Jeff Parker's Charlie Hood books can be frustrating: they posit the existence of devils and angels, engaged in a competition over us humans; more than once reading this novel I thought about John Stewart's song 'Strange Alliance', also known by the last line of its chorus, 'like heavyweight champs, after the fight, does Christ hang out with the Devil at night?' Reviewing earlier books in the series I didn't give away the gimmick, but now it is so much out in the forefront it has to be revealed, essentially because within the terms of something you might find supernatural, Parker makes this work as a hard-driving border noir that deals primarily in ambiguities, and in the power of love to overcome what we would have to call evil.
The local devil in these books is Mike Finnegan (no relation, I hope, to the great singer-organist of the Serfs, and then any number of records, not least Jimi Hendrix' and including his one fine solo album I know about) and he has his clutches deep into Bradley Jones, the son of Suzanne Jones, aka Alison Murietta, Hood's antagonist and love from LA Outlaws (see my review here). I mentioned Jones in my review of Border Lords, which you will find immediately after LA Outlaws from 2012 on this blog--where I mentioned it was criminal Parker wasn't in print--Sandstone Press deserves kudos for getting him back in print in this country. I now need to catch up with the previous Hood novel, The Jaguar, which is referenced in this one, but doesn't need to be read first (though it would likely help).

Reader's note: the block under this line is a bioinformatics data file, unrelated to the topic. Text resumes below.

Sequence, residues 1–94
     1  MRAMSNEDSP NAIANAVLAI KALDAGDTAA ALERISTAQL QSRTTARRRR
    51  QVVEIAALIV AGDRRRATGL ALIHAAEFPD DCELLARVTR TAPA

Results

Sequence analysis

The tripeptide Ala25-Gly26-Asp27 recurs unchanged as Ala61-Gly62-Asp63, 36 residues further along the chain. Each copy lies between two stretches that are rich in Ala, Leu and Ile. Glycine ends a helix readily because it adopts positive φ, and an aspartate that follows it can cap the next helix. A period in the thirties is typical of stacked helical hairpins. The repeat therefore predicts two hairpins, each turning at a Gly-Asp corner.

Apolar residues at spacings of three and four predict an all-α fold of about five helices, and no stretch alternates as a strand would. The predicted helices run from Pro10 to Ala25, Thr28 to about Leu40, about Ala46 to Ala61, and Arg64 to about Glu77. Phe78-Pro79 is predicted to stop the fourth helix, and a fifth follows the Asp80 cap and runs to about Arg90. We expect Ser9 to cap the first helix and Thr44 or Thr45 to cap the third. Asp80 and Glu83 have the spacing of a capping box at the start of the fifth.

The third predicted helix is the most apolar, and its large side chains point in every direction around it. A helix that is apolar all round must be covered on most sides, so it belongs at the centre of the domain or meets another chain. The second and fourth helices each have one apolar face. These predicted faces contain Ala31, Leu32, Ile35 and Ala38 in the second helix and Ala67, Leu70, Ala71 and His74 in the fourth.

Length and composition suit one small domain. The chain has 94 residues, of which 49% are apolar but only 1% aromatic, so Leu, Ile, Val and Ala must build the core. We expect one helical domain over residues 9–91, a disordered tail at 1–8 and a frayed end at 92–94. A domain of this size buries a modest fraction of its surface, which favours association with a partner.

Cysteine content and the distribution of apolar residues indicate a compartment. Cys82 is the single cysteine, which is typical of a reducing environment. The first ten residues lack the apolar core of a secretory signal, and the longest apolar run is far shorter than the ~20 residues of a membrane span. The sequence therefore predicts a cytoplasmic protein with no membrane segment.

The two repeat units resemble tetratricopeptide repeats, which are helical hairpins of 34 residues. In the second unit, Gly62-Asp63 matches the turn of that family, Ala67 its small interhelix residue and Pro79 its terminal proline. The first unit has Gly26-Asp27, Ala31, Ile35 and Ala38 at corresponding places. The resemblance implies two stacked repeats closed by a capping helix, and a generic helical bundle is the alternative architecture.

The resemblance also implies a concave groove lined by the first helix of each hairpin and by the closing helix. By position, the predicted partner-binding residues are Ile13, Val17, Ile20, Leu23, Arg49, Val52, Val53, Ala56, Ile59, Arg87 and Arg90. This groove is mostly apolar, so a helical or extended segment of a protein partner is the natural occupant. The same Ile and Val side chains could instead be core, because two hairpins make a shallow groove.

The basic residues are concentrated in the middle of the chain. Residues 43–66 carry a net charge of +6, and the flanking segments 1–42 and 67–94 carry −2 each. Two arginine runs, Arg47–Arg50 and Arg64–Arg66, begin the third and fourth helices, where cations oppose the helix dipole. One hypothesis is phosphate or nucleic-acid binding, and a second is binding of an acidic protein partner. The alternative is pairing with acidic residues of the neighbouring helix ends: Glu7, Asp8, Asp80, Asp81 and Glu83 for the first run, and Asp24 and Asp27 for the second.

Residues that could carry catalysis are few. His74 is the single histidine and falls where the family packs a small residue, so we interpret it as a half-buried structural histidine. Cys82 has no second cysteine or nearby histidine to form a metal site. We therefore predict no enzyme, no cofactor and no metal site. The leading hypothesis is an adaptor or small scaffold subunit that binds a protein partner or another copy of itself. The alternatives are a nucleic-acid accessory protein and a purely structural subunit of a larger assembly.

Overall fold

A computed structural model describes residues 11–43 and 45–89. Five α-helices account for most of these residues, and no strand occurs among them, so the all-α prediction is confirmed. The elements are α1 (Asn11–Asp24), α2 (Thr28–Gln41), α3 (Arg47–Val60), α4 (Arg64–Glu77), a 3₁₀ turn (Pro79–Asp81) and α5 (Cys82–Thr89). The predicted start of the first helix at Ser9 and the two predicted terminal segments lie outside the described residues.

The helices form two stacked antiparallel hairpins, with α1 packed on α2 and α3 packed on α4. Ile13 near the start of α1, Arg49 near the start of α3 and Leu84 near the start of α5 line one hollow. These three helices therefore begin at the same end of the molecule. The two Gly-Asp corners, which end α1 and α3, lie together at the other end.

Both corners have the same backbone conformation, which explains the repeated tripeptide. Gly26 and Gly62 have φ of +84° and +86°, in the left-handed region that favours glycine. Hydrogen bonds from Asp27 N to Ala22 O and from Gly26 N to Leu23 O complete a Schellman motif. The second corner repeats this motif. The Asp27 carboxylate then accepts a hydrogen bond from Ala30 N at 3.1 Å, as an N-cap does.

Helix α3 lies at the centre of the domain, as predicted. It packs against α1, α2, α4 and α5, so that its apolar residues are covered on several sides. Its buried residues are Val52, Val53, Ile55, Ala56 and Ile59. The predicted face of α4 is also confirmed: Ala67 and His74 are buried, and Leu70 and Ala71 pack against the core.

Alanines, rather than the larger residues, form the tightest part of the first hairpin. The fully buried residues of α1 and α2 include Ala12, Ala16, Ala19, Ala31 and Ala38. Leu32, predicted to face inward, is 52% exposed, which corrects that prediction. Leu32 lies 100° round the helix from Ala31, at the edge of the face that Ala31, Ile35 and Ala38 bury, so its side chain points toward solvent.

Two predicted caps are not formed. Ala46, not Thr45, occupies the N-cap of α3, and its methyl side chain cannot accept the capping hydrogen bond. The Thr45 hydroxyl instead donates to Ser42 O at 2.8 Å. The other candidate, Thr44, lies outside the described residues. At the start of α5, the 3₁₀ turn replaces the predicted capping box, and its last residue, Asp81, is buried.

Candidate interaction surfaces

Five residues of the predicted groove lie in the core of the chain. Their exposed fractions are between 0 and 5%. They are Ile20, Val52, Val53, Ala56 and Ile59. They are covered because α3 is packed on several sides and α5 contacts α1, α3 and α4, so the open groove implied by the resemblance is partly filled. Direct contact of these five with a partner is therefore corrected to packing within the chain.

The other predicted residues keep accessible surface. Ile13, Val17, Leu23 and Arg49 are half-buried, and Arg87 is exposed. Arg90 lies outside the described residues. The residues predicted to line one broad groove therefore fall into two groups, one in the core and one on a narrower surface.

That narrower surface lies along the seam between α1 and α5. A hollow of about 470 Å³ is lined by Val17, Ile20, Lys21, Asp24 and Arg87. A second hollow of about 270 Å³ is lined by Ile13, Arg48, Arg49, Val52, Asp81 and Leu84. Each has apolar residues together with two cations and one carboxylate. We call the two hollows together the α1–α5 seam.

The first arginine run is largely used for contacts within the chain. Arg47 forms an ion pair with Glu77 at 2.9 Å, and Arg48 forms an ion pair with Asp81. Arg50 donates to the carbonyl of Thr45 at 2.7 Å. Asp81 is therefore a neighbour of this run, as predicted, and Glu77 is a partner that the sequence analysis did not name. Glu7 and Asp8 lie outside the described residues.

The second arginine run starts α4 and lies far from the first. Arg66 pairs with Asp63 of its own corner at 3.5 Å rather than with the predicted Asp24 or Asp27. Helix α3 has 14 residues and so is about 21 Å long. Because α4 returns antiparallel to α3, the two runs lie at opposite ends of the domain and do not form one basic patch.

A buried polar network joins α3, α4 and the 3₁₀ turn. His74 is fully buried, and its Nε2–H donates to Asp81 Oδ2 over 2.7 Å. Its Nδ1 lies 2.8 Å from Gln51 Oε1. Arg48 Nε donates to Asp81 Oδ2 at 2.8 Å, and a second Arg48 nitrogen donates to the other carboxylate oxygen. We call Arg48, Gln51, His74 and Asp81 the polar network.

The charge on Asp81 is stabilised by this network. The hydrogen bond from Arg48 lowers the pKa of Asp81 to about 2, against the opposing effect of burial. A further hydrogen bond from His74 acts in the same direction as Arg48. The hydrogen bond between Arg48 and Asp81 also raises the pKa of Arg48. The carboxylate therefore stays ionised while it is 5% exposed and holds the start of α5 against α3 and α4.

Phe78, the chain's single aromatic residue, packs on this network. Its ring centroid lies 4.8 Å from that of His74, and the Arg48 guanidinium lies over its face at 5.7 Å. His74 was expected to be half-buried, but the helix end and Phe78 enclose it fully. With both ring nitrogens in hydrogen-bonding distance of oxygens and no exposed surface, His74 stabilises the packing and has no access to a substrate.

Reviewing Border Lords I mentioned, again without explaining, how the gimmick of devils created a problem, but as I implied above, Parker has sorted it out pretty deftly. The Famous And The Dead addresses it directly, making it the major obstacle Hood, in the end, has to overcome. It's complicated: Jones and Finnegan have tied Hood up in a corruption package which seems likely to end his career; Jones' wife Erin is expecting a baby but living with Hood and his girlfriend Beth, but Beth is starting to have doubts about what Hood is willing to do to win his fight with the devil. Meanwhile Finnegan wants Brad and Erin's child, but would prefer he be raised by Jones and his own squeeze, a woman named Owens. Throw in an assassination committed with a gun from a shipment Hood should have stopped, a gang of Missouri rednecks dealing stinger missiles, and Mary Beth, the girlfriend of one of them, who's come to LA to be an actress, as well as an angel trapped down a deep cave, and it's a complicated story that continually twists and turns.
And the way it does resolve itself is interesting, not as you'd expect, though there is a more logical fate awaiting Finnegan, which will still be available in the next book in the series. The deck reshuffles, and Hood winds up with a partner I would not have expected, and maybe not the most interesting of the possibilities. Call me sentimental. Also call me convinced Parker can pull off this mix of crime and deviltry: it's somewhere between light-hearted and chilling (Thorne Smith and John Connolly perhaps), but remember too, there are probably more Americans who believe in angels than in evolution.
The Famous And The Dead by T. Jefferson Parker
Sandstone Press £8.99 ISBN 9781908737366